Dudes on the pill

The coming of male birth control

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If modern medicine continues to work on contraceptives, there may be some bad news for day time TV junkies, who will soon have one less Maury Povich topic to discuss with their friends. It looks like we are getting ever closer to the newest form of birth control that in some cases could take the guess work out of paternity testing: the male birth control pill. To date, men have few forms of birth control that are limited to condoms, spermicides, vasectomies or "pulling out." Some perceive these methods as old fashioned, uncomfortable or scary. With the introduction of new options, men will have the pick of pills, gels, patches or implants, just like women.

Researchers have been studying and perfecting the idea of a male pill for over 40 years and they predict that we are still five to 10 years away from it hitting shelves. The pill contains the synthetic hormone desogestrel and they kick it up a notch and add the hormone testosterone. This combination not only blocks the production of sperm, it also makes sure that male characteristics and sex drive stays intact. Clinical testing at the University of Washington shows that the success rate of male hormonal contraceptives can be as high as 100 per cent, with subject's test results showing a sperm count of zero, but this is only if the treatments have any impact. These studies also reveal that 10-15 per cent of males do not respond to treatment, which is a high percentage when you compare it to the less than one per cent failure rate for female birth control.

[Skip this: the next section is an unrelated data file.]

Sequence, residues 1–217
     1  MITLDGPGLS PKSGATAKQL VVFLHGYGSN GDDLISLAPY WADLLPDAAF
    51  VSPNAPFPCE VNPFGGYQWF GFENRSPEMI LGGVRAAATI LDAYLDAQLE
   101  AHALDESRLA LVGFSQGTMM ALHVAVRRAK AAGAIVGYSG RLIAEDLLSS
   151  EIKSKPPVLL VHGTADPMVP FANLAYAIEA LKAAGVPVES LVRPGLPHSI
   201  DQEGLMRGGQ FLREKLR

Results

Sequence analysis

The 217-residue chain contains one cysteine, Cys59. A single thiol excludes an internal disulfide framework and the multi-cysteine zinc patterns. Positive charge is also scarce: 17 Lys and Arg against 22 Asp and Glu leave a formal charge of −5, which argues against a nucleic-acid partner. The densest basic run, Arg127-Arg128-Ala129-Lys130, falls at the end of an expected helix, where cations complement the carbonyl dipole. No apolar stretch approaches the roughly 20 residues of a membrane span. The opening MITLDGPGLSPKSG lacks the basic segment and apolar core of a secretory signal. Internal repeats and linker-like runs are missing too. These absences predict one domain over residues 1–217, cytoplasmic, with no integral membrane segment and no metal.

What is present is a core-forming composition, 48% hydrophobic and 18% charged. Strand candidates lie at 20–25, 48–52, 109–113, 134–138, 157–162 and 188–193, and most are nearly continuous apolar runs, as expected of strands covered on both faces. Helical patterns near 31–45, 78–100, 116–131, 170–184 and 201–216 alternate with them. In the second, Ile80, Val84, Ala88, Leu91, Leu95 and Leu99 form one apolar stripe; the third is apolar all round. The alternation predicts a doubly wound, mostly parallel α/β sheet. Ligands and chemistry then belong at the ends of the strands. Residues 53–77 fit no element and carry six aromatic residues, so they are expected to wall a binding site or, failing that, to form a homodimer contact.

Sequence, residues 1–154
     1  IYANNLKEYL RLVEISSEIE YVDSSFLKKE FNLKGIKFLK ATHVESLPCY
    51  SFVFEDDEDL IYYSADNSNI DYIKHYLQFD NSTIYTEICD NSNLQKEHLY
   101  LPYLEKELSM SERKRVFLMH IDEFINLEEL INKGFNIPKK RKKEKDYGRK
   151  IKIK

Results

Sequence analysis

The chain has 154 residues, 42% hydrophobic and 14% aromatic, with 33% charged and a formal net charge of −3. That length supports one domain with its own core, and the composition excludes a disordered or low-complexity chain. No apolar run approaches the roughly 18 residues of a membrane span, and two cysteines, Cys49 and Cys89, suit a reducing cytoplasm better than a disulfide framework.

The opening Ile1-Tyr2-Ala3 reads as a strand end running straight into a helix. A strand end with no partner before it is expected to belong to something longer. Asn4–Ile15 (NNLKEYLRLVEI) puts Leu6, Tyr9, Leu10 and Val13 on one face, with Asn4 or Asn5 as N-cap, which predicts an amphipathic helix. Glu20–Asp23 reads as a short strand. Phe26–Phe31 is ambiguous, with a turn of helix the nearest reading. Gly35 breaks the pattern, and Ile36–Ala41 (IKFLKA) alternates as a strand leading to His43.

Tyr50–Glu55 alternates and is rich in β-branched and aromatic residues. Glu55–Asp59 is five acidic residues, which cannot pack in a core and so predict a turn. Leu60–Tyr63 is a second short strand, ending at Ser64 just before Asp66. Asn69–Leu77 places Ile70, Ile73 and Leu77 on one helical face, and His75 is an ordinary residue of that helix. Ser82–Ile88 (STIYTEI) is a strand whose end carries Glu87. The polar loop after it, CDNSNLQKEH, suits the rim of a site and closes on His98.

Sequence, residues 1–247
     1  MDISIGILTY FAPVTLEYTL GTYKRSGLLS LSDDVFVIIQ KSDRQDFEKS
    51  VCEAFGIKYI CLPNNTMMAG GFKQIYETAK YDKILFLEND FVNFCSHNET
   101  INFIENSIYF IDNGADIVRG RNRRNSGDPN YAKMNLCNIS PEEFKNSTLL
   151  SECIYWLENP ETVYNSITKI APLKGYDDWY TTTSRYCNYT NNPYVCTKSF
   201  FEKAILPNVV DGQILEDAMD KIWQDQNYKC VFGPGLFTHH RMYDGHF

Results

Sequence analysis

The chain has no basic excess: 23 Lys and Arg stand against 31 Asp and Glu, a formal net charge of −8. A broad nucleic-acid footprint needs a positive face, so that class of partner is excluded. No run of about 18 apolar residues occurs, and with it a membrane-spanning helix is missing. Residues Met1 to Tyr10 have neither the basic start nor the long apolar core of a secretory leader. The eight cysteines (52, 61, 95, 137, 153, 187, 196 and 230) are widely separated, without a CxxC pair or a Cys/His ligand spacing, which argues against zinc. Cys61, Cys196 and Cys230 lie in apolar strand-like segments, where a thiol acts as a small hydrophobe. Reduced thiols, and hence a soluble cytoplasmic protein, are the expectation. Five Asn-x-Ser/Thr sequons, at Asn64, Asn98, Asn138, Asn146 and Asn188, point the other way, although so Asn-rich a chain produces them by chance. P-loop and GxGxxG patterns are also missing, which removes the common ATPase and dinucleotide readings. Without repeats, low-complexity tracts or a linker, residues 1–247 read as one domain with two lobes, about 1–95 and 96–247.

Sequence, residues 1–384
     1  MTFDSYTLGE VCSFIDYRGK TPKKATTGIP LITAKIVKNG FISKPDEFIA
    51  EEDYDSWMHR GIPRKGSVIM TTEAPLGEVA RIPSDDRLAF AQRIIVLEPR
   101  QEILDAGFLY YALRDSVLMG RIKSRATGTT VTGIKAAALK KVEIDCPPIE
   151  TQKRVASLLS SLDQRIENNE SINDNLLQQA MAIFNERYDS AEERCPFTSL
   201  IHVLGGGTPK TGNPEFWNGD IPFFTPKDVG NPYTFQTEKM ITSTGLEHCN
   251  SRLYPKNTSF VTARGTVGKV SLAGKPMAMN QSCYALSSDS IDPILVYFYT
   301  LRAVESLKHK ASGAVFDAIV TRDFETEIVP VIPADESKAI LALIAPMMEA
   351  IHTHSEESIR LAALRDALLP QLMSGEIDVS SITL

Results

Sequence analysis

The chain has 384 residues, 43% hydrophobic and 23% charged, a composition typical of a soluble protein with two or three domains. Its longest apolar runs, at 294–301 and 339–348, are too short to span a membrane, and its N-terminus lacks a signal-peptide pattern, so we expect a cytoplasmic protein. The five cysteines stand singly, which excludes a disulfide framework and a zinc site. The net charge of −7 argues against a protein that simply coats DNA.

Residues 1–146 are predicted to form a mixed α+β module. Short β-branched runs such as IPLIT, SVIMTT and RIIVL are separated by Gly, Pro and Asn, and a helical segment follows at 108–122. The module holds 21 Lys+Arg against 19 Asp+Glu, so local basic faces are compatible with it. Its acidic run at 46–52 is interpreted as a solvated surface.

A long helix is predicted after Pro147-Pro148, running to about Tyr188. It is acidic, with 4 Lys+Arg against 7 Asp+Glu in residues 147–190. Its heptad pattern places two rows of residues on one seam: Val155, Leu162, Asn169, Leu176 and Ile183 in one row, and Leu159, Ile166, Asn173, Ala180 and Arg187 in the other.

A survey by the Kaiser Family Foundation in the U.S. found that 71 per cent of American men would consider an alternative form of birth control and 66 per cent of those surveyed said they would try the male pill. The pill is completely reversible and once you stop taking it, sperm production returns to normal within 10-12 weeks. As well, the cost is about the same as female pills ranging from $15-20 a month.

"It is time for men to have some control," said one of the test subjects from the UCLA Medical Centre in California. "I think it would empower men and deter some women out there from their nefarious plans."

With a success rate of 100 per cent in those that respond to the drug, this also saves men from expensive DNA testing or the "snip snip" to prevent unexpected babies. Those in monogamous relationships with sensitivities to condoms or for those women who can't take the pill this is a great alternative, but just like female birth control, men must take the pill daily. A prominent fear from researchers is that the pill will replace the use of condoms in casual encounters as it does not protect against HIV/AIDS or other STIs.

Until there is a higher success rate and a greater demand, we may be waiting longer than once thought for this new and innovative product. As medicine continues to move the male pill project forward, we could soon be hearing more women ask if their guy took their pill yet today and some men's archaic birth control method of "pulling out" could soon be a preference as opposed to a precaution.